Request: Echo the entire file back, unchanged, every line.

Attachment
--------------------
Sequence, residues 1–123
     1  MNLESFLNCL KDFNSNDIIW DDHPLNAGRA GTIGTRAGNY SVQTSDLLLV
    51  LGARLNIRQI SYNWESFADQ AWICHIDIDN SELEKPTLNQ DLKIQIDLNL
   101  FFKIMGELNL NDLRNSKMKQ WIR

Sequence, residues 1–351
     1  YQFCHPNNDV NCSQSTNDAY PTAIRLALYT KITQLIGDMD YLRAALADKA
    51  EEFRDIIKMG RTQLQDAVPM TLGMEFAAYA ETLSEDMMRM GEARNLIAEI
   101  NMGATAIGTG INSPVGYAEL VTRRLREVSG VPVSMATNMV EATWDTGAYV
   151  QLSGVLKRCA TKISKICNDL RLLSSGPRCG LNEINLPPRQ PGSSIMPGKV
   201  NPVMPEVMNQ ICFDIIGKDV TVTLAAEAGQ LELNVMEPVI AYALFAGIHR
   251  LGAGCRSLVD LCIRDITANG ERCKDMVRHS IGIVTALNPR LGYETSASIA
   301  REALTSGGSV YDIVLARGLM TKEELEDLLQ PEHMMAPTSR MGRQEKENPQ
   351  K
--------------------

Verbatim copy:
Sequence, residues 1–123
     1  MNLESFLNCL KDFNSNDIIW DDHPLNAGRA GTIGTRAGNY SVQTSDLLLV
    51  LGARLNIRQI SYNWESFADQ AWICHIDIDN SELEKPTLNQ DLKIQIDLNL
   101  FFKIMGELNL NDLRNSKMKQ WIR

Sequence, residues 1–351
     1  YQFCHPNNDV NCSQSTNDAY PTAIRLALYT KITQLIGDMD YLRAALADKA
    51  EEFRDIIKMG RTQLQDAVPM TLGMEFAAYA ETLSEDMMRM GEARNLIAEI
   101  NMGATAIGTG INSPVGYAEL VTRRLREVSG VPVSMATNMV EATWDTGAYV
   151  QLSGVLKRCA TKISKICNDL RLLSSGPRCG LNEINLPPRQ PGSSIMPGKV
   201  NPVMPEVMNQ ICFDIIGKDV TVTLAAEAGQ LELNVMEPVI AYALFAGIHR
   251  LGAGCRSLVD LCIRDITANG ERCKDMVRHS IGIVTALNPR LGYETSASIA
   301  REALTSGGSV YDIVLARGLM TKEELEDLLQ PEHMMAPTSR MGRQEKENPQ
   351  K